The Avengers

WFTB Score: 3/20

The plot: Sophisticated British agent John Steed is captivated by Mrs Emma Peel, an expert in the Prospero weather shield programme keeping Queen and country safe and dry. The trouble is, someone looking exactly like her has broken into the programme, causing chaos. As the pair investigate, they have cause to drop in on the enormous estate of ruthless scientist and entrepreneur August de Wynter.

A long time ago, when James Bond was a young Sean Connery and TV was still black and white, a TV show called The Avengers was born. It starred Patrick Macnee as super-suave English (a)gent John Steed, never without his bowler hat and brolly. For several years the spy-cum-crimefighter was ably assisted by Diana Rigg’s teasing Emma Peel, often clad in leather catsuit and kinky boots as they fought weird and wonderful enemies. Come the late nineties, Bond was back in vogue and an old Sean Connery was available for the right price, so a new Avengers was born – and the rest is bad film history.

Ralph Fiennes is John Steed, the quintessence of the English gentleman and effortless dispatcher of bad guys. Into Steed’s life marches forthright Mrs Emma Peel (Uma Thurman), a shapely expert at the Prospero Programme; but at the Ministry where Mother (Jim Broadbent) keeps fraught control of proceedings, with the stern assistance of Father (Fiona Shaw), both are shown video of Mrs Peel (apparently) leaving behind a trail of death and destruction. Instructed to keep close to Emma, she and Steed investigate the weather control business of August de Wynter (Connery) and his side-project called BROLLY, a shadowy organisation which ensures anonymity by dressing up as huge teddy bears. However, as both Steed and Peel find out, there’s nothing fluffy about de Wynter or his silent henchman Bailey (Eddie Izzard).

You can see why a film version of The Avengers might have seemed like a good idea. Just like in the 60s, there was a buzz about ‘Cool Britannia’ and, after a long time in the doldrums, British films like Four Weddings and a Funeral and Trainspotting were making waves. Which only goes to prove that (creatively speaking) there are no bad ideas as such, only poor execution. And boy, is The Avengers poorly executed. Chief problem is the plot, which jumps about from confusing scene to confusing scene as though the editor simply forgot to put in the linking scenes that made sense of it all. Confusion resolved can be very satisfying, but confusion left to fester gets boring very quickly. The multi-coloured teddy bears, the gun-toting granny (which, to employ a phrase, Goldfinger wants back), the invisible gadget man Colonel Jones (voiced by Macnee) and the equally CGI-powered robot wasps should be funny, or exciting, or both; but here they exist without context and result only in bafflement (the genteel English setting is an empty pose waiting for a plot). There’s not even an explanation of why Mrs Peel has an exact double, apart from winking references to being a Gemini. And why would you cast Eddie Izzard – master of comic delivery and funny voices – as a mute henchman? It truly beggars belief.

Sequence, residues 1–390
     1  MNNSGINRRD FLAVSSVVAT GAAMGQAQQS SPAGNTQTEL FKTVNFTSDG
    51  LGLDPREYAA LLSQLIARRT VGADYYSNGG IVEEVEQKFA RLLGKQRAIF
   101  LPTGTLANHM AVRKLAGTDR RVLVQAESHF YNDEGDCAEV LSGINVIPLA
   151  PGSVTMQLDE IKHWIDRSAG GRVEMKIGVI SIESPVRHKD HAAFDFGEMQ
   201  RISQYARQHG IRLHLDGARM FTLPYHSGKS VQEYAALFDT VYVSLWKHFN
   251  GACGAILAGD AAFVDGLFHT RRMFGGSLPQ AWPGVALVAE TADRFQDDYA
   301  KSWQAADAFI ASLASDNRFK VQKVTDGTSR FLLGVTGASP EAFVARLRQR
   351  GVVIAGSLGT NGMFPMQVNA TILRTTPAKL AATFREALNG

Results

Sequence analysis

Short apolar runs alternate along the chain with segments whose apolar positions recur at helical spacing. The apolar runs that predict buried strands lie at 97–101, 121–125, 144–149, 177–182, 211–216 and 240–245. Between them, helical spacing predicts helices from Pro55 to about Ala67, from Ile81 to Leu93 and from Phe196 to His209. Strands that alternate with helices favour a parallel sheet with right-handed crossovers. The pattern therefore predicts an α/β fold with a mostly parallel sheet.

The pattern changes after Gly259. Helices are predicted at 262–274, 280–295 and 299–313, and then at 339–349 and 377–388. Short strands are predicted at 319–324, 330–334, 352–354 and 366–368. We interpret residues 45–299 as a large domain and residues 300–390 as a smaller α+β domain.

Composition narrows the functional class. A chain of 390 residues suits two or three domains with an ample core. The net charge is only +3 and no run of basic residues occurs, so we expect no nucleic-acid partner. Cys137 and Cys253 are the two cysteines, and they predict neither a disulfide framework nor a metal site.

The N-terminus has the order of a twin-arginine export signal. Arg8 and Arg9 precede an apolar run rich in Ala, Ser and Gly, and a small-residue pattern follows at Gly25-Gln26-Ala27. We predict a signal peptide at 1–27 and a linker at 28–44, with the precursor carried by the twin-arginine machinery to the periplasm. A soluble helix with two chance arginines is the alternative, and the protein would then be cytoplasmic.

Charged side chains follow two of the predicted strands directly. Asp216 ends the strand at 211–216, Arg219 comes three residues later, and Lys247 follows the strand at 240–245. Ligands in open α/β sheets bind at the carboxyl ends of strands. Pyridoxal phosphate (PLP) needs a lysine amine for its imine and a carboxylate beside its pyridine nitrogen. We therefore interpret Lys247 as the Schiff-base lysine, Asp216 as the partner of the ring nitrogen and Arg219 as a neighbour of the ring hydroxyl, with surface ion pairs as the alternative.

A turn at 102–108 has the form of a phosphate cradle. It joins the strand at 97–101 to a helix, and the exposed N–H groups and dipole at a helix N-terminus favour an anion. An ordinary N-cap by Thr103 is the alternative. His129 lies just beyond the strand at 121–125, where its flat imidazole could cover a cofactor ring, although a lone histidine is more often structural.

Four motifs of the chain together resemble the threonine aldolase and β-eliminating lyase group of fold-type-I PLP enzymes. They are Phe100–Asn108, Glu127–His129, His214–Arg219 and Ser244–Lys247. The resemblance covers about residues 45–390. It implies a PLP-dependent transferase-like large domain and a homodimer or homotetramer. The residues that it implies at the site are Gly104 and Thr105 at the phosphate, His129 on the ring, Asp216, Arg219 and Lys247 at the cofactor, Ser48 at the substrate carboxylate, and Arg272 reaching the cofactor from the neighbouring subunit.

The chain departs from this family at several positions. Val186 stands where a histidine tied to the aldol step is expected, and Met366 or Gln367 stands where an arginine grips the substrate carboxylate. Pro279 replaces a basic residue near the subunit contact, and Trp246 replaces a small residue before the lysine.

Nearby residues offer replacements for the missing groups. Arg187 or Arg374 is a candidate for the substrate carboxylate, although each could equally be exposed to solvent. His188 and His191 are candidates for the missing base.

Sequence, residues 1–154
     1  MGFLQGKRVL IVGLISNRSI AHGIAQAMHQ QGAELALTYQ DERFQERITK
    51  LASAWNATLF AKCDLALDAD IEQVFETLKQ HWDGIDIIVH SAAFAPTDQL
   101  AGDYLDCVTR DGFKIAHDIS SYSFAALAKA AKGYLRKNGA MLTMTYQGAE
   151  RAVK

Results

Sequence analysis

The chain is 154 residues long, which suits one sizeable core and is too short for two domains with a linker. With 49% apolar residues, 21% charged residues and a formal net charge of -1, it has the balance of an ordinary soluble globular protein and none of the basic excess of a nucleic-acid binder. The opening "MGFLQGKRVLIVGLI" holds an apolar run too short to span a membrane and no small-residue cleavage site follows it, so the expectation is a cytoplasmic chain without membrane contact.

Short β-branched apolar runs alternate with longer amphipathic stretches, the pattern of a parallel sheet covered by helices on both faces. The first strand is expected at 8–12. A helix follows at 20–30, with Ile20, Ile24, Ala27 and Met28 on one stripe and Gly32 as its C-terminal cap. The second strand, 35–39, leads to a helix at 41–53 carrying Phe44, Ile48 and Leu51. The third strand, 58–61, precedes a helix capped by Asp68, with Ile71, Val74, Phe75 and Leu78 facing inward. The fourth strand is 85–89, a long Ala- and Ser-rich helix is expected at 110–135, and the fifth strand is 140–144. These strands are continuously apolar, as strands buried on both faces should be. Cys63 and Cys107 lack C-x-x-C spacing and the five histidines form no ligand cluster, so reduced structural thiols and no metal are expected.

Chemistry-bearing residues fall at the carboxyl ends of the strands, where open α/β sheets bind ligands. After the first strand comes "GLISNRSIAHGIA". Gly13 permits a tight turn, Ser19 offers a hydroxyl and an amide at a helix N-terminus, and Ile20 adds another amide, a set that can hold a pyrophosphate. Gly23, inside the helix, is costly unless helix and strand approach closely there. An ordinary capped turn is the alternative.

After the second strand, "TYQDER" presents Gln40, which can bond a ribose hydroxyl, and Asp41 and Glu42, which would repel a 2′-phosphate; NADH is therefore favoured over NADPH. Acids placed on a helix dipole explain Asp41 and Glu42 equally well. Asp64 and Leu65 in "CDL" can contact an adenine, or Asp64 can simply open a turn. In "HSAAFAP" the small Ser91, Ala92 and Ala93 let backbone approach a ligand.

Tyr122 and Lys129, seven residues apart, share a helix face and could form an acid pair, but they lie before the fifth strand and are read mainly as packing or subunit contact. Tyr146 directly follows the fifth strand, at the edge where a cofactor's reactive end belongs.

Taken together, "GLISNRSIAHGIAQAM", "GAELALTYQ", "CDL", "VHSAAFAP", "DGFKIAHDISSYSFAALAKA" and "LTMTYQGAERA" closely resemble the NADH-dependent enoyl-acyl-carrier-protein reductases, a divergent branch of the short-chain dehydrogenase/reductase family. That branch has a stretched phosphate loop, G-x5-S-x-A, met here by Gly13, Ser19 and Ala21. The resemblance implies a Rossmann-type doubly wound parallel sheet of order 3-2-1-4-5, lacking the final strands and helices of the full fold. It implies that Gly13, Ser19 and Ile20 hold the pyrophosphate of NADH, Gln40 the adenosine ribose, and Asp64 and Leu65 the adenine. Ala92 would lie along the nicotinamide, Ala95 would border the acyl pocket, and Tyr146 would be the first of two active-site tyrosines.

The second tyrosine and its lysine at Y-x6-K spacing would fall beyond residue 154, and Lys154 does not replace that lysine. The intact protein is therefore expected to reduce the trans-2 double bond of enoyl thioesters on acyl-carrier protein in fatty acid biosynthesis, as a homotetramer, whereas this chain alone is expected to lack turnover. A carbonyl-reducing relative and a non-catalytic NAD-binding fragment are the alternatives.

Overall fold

Of course, you could pass it all off as a tribute to the quirkiness of the TV show. Except that, despite its constant silliness, the film never exhibits anything approaching a sense of humour. There are only surreal situations, played out without the slightest hint of fun, and Steed and Peel’s thuddingly dull innuendo. I’m not saying that the filmmakers should have camped it up or plastered sound effects all over the soundtrack, but with the budget at their disposal they shouldn’t have made a film this soggy, this inert, this sterile. The teddies, for example, are potentially a fun idea, but are only used to service a naff one-liner about a ‘teddy bears’ picnic’. There is a decent sequence wherein Thurman gets trapped in M. C. Escher’s staircase inside de Wynter’s mansion; but this is the only bit of the film that grabbed my attention, including the run-of-the-mill finale wherein Big Ben’s tower blows up, Thurman battles Izzard, Fiennes battles Connery and the world is saved – all in time for tea, of course.

So, the plot’s a dog; that doesn’t mean the actors get off scot-free. Thurman’s performance is, unsurprisingly, centred around her ability to look slinky in a catsuit; which she undeniably does, though she’s no match for Rigg at her most pert. More importantly, she constantly seems to be asking ‘Isn’t my English accent great?’ I suppose it is, Uma, but shouldn’t you be interacting with the people and things around you? Thurman floats through the film with wooden detachment, made all the worse by the fact that she has two roles and is equally duff in both. Fiennes, meanwhile, wears the blank smile of a man at a party he can’t wait to leave, biding time until his car full of cash arrives, and swaps saucy lines without a scrap of chemistry or charisma. At least Connery puts some passion into his role, but his shot at being the villain for once comes out as pure pantomime, especially against the blandness of his colleagues. Only Jim Broadbent seems to know he’s in a comedy, and he’s lumbered with playing against Fiona Shaw, who appears to think she’s doing Chekhov – or perhaps she’s anticipating The Matrix.

There are instances of successful TV-to-film transitions, such as (apparently, I’ve not seen it yet) the recent update of Get Smart. The Avengers, though, is more akin to The Beverly Hillbillies. Give Steed and Peel a miss and head directly for Austin Powers: International Man of Mystery. For all his faults, there’s a man who knows how to make fun of the 60s. The Avengers may have the phone boxes, the classic cars, the brolly and the bowler, but it’s as much fun as a wet weekend in Skegness.


2 thoughts on “The Avengers

  1. Pingback: Daredevil | wordsfromthebox

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